UNHCR, the UN Refugee Agency, released a report showing that more than half – 3.7 million – of the 6 million school-age children under its mandate have no school to go to.
Some 1.75 million refugee children are not in primary school and 1.95 million refugee adolescents are not in secondary school, the report found. Refugees are five times more likely to be out of school than the global average.
Entitled "Missing Out: Refugee Education in Crisis", the report compares UNHCR data on refugee education with UNESCO data on global school enrolment. Only 50 per cent of refugee children have access to primary education, compared with a global average of more than 90 per cent. And as these children become older, the gap becomes a chasm: only 22 per cent of refugee adolescents attend secondary school compared to a global average of 84 per cent. At the higher education level, just one per cent of refugees attend university, compared to a global average of 34 per cent.
This represents a crisis for millions of refugee children. Refugee education is sorely neglected, when it is one of the few opportunities we have to transform and build the next generation so they can change the fortunes of the tens of millions of forcibly displaced people globally.
The report is released in advance of world leaders gathering on September 19-20 at the UN General Assembly’s Summit for Refugees and Migrants and the Leaders’ Summit on the Global Refugee Crisis, hosted by the President of the United States. At both summits UNHCR is calling on governments, donors, humanitarian agencies and development partners as well as private-sector partners to strengthen their commitment to ensuring that every child receives a quality education. Underlining the discussions will be the target of Sustainable Development Goal 4, “Ensure inclusive and quality education for all and promote lifelong learning” an aim that will not be realized by 2030 without meeting the education needs of vulnerable populations, including refugees and other forcibly displaced people.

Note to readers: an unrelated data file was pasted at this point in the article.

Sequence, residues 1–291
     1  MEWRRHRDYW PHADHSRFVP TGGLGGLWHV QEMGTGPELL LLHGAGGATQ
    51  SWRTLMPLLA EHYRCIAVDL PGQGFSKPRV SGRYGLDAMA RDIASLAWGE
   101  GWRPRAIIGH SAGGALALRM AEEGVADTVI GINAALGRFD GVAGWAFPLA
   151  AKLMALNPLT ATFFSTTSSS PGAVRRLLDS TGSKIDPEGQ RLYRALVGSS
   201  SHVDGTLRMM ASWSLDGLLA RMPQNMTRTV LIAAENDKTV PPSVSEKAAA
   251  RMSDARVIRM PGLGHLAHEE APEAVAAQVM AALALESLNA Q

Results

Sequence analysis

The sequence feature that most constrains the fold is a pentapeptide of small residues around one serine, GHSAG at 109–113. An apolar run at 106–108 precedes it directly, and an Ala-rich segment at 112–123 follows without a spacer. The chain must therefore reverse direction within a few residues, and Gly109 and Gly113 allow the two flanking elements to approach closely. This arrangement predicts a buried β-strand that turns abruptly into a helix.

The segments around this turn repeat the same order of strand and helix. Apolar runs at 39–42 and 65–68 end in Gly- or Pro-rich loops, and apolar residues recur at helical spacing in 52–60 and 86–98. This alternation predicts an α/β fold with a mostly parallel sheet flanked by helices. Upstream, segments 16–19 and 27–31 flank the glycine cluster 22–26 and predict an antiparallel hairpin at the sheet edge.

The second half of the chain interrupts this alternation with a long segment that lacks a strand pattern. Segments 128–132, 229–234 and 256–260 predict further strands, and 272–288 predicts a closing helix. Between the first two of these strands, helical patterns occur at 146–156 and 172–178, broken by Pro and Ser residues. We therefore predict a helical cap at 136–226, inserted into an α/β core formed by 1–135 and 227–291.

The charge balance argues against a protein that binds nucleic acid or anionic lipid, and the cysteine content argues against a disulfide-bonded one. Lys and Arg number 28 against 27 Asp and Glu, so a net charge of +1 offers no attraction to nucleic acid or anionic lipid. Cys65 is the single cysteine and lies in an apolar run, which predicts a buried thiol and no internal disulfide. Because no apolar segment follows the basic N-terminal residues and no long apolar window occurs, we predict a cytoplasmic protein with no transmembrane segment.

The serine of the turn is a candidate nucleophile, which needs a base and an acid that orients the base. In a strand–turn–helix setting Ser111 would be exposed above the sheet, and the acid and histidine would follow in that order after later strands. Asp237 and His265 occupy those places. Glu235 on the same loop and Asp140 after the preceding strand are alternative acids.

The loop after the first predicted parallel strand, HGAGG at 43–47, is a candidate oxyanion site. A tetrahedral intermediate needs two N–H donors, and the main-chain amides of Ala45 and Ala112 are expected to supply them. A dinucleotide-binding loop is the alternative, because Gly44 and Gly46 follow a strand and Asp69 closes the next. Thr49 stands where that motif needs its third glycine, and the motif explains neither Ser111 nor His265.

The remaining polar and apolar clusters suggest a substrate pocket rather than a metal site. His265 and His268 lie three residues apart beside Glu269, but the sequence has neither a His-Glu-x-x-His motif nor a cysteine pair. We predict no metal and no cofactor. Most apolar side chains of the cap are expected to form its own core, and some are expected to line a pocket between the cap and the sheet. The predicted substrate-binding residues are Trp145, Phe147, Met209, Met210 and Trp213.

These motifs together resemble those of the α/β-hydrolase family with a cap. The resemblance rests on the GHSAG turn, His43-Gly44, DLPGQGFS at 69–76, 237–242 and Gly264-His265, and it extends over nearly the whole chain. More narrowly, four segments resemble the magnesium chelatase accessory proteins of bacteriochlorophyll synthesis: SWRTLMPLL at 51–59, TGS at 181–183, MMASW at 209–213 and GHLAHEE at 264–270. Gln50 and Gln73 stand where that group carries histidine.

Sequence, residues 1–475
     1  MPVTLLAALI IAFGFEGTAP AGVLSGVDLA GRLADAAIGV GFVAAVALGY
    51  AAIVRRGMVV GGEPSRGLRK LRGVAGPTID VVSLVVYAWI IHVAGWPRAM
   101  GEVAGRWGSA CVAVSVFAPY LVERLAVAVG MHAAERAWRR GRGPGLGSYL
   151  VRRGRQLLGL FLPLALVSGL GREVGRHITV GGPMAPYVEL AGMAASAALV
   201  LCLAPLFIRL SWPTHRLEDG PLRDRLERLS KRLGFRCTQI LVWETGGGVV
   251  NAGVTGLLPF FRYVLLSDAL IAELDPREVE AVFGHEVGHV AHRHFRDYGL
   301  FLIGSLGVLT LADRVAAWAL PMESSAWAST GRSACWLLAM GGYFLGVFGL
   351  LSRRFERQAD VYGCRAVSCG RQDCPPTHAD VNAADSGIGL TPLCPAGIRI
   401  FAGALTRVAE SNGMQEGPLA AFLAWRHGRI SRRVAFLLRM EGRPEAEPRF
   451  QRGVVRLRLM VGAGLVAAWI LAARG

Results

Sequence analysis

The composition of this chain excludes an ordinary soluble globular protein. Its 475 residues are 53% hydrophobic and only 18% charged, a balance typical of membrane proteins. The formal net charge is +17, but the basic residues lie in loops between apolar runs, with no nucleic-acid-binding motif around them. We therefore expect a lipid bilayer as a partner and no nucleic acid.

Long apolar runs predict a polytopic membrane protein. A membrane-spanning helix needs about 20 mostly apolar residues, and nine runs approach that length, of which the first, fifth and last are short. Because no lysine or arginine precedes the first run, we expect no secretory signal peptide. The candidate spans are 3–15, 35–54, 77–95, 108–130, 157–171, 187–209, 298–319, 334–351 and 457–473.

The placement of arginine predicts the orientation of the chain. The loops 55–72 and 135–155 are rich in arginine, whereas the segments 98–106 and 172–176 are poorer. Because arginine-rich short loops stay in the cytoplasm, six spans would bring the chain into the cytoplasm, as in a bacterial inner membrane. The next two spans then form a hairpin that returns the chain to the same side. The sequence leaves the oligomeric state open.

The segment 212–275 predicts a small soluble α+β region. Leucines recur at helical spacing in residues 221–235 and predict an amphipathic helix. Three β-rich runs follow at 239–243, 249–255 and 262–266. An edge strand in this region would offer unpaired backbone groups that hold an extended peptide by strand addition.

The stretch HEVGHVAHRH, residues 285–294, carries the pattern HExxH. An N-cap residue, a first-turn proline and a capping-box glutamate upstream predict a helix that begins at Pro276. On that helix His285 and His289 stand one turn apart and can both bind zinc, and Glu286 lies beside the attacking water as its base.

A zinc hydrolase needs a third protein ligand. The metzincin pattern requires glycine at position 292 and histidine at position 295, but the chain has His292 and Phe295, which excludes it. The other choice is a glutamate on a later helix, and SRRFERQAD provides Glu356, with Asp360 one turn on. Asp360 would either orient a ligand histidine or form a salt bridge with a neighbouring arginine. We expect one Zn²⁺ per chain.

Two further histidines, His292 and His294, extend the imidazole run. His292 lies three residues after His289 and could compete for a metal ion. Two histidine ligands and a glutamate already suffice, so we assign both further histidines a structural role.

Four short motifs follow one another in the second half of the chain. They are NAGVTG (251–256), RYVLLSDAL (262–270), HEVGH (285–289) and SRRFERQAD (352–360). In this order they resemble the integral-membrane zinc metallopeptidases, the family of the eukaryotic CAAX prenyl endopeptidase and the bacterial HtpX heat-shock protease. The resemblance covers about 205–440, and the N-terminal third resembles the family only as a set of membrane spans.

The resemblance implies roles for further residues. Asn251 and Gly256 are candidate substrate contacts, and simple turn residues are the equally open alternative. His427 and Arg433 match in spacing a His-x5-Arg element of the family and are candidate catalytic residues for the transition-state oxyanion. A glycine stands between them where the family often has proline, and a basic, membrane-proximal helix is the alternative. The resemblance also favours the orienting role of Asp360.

“As the international community considers how best to deal with the refugee crisis, it is essential that we think beyond basic survival,” said Grandi. “Education enables refugees to positively shape the future of both their countries of asylum and their home countries when they one day return.”
While the report highlights progress made by governments, UNHCR and partners in enrolling increased numbers of refugees in school, the struggle is one of sheer numbers. While the global school-age refugee population was relatively stable at 3.5 million over the first 10 years of the 21st century, it has grown on average by 600,000 children and adolescents annually since 2011. In 2014 alone, the refugee school-age population grew by 30 per cent. At this pace of growth, UNHCR estimates that an average of at least 12,000 additional classrooms and 20,000 additional teachers are needed on an annual basis.
Refugees often live in regions where governments are already struggling to educate their own children. They face the additional task of finding school places, trained teachers and learning materials for tens or even hundreds of thousands of newcomers, who often do not speak the language of instruction and have frequently missed out on three to four years of schooling. More than half of the world’s out-of-school refugee children and adolescents are located in just seven countries: Chad, Democratic Republic of the Congo, Ethiopia, Kenya, Lebanon, Pakistan and Turkey.